Tested : Pete’s 661 Recon Knee Pad Review.

661’s Recon Knee pad is about as light as you can go whilst still retaining the lower level motorcycle CE certification for when things go south.

Beefier than previous Recon offerings, the 661 Recon Knee Pad is still light weight and all-day comfy but adds the extra protection thanks to the D3O Ghost inserts.

Photos by Pete Scullion.

Key features:

  • New D3O Ghost protective inserts
  • CE 1621-1 rated
  • Extended coverage for upper shin protection.
  • Lightweight stretch construction with abrasion resistant stretch fabrics.
  • Strategically placed stretch mesh fabrics.
  • Elastic & silicone top and bottom grippers.
  • Knee pads fit high on the thigh.
  • Padlock connectors integrate with 661 protective shorts.
  • Sizes S – XL
  • Weight (size large): 322g
  • £85.00 RRP
  • SixSixOne.com

Previous offerings of the 661 Recon Knee Pad have been offered with protection ratings for gloves used whilst operating machinery. Essentially designed to stop your fingers being chopped off a la Tony Iommi, your hands might well not be much use to you otherwise.

This latest offering ups the ante thanks to the D30 Ghost insert which allows the pad to be both lightweight and add the CE 1621-1 certification, which is the lower motorcycle certification. Weight is still impressive at 322g for a pair in size large too.

Elsewhere you’ve Padlock integration if you want to connect the pads to 661 shorts, extended coverage onto the shin, stretch fabric for fit and mesh fabric for ventilation, plus a big old hole in the back of the pad. Silicone grippers aim to keep them from riding up, or down for that matter.

Whilst the certification increase is welcome, anything beyond a big old pedal where full size pads would have been clunky and uncomfortable, these don’t feel particularly confidence inspiring. That said, on those big days out where you’re not wringing your neck to hit turns or jumps hard, they’re perfect for the job. Up the ante though in terms of risk and your knees start feeling naked quite quickly.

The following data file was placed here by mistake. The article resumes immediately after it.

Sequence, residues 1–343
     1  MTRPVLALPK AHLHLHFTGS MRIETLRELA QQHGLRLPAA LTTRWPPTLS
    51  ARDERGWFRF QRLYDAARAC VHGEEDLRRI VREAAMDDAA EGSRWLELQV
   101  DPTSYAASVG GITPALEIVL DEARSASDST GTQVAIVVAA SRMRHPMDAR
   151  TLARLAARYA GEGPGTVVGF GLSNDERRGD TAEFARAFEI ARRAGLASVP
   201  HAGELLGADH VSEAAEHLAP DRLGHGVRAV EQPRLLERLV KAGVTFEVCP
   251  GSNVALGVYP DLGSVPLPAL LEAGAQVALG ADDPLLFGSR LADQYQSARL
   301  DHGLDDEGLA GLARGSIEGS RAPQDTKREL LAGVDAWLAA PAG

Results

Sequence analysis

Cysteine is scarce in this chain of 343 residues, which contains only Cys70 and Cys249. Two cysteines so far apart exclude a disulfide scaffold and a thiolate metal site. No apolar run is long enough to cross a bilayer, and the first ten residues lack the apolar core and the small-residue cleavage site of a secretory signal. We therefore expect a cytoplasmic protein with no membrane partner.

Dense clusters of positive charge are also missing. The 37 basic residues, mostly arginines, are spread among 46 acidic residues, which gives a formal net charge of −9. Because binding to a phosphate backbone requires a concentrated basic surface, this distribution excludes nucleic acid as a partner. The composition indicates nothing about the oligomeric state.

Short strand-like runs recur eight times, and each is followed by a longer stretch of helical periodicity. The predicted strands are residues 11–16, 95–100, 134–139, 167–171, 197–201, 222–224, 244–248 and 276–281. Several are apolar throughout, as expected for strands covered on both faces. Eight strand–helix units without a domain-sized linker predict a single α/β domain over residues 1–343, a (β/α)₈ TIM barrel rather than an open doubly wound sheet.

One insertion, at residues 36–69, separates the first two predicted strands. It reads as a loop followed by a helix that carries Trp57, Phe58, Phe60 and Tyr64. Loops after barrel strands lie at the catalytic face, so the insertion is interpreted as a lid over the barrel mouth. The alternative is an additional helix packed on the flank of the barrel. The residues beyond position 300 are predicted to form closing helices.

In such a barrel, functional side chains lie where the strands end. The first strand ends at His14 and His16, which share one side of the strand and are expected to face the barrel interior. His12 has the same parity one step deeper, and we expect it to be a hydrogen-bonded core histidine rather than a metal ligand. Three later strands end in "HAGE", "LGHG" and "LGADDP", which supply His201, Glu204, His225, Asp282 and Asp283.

Fit wise these were, as their prowess for big rides shows, pretty spot on. The high-riding upper has essentially made the tw*t gap phenomenon extinct, even without using the Padlock poppers. On occasion, the gap in the rear of the pad would line up perfectly and they would be comfort par excellence, whilst not uncomfortable when this was misaligned, it was noticeable.

After a few washes, the silicone grippers started to lose their grip, leading to them shifting more, affecting the comfort levels somewhat. This won’t be unique to these pads, but it still happens all the same.

It’s worth mentioning that I didn’t actually have to find out how much protection these offer as I didn’t stuff my knobbly knees into terra firma.

What do we think?

The current 661 Recon Knees do offer more real world protection thanks to the higher CE certification and do deliver all-day comfort for those big rides. They’re even small enough to pop in your pack to slip on when you’re heading downhill.

For anything where the attack levels go beyond 50% though, you’d be better off with the Recon Advance.

We love:

  • All-day comfort
  • CE 1621-1 protection very welcome
  • Tw*t gap exctinction

Could do better:

  • Not an awful lot

You can check out the 661 Recon Knee Pad over on their website here.